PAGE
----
Uninsured vehicles subject to new rules and fines
Motorists are being reminded that a new law comes into force in a month's time which will require them to make sure their vehicle is insured.
An advertising campaign is being launched to publicise the change, which means from 20 June people can be fined without actually driving the car.
There are estimated to be about 1.4 million motorists without insurance.
At the moment uninsured drivers are prosecuted only after they have been caught actually driving.
Although police cars have number plate recognition technology which can check cars against a database, it still requires police time to enforce.
The new offence will allow motorists to be prosecuted for simply owning a vehicle without insurance.
Letters will be sent to drivers and, if they do nothing, they face a £100 fine followed by court action.
If the vehicle remains uninsured - regardless of whether the fine is paid - further action will be taken. If the vehicle is on public land it could then be clamped, seized and destroyed.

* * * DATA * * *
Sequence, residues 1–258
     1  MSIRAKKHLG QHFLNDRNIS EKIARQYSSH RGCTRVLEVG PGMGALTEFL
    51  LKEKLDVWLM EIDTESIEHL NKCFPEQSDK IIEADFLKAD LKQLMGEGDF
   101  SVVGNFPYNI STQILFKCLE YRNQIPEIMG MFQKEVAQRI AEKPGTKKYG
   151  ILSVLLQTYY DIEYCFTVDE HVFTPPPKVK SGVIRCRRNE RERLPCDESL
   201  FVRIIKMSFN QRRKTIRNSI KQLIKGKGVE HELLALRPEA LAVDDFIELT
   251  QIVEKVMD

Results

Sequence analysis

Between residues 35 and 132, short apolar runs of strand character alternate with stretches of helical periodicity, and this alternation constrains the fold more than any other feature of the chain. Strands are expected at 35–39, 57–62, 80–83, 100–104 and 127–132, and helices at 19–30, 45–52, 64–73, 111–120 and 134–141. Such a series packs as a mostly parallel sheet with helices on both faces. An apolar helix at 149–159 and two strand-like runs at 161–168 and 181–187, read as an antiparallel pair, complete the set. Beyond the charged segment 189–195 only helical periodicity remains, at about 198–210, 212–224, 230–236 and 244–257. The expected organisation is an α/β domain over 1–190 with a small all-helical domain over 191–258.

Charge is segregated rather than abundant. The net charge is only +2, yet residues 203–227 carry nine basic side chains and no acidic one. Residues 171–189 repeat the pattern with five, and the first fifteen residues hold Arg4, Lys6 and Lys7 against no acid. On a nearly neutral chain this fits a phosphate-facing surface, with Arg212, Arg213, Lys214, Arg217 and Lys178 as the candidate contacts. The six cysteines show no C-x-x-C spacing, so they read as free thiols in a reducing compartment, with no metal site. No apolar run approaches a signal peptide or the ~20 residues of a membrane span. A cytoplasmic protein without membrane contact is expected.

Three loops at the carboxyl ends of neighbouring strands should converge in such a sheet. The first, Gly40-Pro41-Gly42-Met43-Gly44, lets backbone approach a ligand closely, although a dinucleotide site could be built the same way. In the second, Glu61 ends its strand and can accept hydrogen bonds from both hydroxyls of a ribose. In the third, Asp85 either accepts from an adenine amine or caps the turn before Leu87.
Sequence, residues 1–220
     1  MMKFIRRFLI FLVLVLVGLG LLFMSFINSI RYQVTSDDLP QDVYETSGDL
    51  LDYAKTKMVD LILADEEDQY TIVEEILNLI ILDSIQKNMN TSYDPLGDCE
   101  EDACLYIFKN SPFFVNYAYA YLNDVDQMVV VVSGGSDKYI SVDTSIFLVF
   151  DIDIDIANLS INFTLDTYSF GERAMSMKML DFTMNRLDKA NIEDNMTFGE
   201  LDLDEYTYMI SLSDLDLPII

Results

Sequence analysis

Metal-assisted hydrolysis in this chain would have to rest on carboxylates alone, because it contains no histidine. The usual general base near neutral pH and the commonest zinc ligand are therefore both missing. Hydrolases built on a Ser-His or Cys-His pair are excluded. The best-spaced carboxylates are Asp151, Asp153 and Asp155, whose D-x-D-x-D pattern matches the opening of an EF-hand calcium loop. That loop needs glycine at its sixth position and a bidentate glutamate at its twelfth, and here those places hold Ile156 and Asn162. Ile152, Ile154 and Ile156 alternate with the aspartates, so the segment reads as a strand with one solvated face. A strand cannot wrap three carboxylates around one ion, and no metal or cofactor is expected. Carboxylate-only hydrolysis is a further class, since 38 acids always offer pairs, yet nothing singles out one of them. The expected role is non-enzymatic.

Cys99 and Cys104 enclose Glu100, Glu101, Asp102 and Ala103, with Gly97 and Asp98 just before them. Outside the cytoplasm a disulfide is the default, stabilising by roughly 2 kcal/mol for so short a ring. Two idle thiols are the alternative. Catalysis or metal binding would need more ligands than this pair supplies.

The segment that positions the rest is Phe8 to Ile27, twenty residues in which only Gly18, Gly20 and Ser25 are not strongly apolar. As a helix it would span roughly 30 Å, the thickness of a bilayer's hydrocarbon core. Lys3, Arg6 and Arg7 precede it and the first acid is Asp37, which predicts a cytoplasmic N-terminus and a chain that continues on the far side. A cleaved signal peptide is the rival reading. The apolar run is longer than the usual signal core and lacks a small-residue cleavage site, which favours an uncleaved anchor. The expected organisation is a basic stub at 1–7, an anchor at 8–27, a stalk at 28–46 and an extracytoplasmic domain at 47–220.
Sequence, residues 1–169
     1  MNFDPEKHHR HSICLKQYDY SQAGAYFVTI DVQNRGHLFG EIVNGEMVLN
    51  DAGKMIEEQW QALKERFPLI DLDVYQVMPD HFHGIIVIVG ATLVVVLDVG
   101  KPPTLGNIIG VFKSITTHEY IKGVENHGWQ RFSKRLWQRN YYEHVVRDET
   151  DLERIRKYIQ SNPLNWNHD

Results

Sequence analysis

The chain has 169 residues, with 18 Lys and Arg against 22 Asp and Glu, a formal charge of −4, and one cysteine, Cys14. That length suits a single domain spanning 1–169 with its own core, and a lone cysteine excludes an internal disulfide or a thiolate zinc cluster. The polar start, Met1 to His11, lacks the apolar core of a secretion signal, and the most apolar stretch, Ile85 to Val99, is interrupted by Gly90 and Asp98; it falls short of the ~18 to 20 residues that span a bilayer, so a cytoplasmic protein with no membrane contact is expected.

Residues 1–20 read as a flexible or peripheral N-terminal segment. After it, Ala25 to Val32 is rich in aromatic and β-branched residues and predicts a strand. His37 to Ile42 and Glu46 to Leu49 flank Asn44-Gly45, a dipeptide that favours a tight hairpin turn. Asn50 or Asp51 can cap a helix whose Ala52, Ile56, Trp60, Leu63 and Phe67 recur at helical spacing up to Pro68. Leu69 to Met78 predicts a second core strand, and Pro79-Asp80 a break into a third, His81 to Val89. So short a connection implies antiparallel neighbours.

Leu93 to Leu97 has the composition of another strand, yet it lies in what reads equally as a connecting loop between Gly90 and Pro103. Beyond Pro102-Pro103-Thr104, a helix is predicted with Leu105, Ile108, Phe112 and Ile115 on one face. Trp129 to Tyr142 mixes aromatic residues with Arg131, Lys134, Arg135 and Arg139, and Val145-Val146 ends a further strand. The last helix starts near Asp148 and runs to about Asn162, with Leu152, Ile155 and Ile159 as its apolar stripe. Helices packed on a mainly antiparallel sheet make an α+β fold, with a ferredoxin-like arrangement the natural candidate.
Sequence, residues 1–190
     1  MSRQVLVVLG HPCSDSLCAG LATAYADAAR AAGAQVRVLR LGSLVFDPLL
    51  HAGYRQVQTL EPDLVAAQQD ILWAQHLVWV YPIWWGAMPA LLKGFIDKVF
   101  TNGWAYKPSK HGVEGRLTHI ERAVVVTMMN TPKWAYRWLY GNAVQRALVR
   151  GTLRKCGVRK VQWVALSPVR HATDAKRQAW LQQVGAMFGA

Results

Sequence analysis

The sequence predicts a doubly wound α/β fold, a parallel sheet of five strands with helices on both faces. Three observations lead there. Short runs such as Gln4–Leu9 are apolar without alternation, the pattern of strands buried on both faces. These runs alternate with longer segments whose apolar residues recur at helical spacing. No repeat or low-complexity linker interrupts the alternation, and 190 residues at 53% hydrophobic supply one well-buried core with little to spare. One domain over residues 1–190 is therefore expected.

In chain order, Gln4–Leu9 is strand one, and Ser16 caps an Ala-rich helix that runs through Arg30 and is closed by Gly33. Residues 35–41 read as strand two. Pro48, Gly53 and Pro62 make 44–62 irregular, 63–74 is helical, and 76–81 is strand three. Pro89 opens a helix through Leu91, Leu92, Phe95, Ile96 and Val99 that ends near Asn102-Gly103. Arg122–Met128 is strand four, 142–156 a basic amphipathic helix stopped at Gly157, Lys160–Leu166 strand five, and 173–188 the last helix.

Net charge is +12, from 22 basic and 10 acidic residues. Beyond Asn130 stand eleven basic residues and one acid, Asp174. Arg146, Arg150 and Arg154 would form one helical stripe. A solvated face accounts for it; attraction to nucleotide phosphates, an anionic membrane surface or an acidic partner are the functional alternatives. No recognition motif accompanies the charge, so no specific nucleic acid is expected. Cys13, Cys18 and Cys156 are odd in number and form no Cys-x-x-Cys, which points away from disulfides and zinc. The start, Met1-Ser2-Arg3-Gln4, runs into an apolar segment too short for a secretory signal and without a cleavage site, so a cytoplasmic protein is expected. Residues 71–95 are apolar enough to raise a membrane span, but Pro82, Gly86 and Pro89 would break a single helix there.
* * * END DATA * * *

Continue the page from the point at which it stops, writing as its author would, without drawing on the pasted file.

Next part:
Alternatively court action could be taken, with the offender facing a fine of up to £1,000.
Motorists who have declared their car as off the road will not be fined.
'Nowhere to hide'
Ministers say the change will allow police to concentrate their efforts on hard core offenders, who drive unregistered cars which the automatic system will not be able to trace.
Road Safety minister Mike Penning said: "Uninsured drivers are a danger on our roads, killing 160 and injuring a further 23,000 people each year, and they cost honest motorists £500m in extra premiums.
"That is why we are introducing this tough new law which will leave uninsured drivers with nowhere to hide.
"Our message is clear - get insured or face a fine, court action or seeing your car seized and destroyed."
Ashton West, chief executive at the Motor Insurers' Bureau, said the change in law is a "stepping up of enforcement activity".
He added: "Now the registered keeper must make sure that their vehicle is insured all the time.
"Around four percent of vehicles have no motor insurance at any given time, and this needs to change so that is why this new enforcement approach is so important."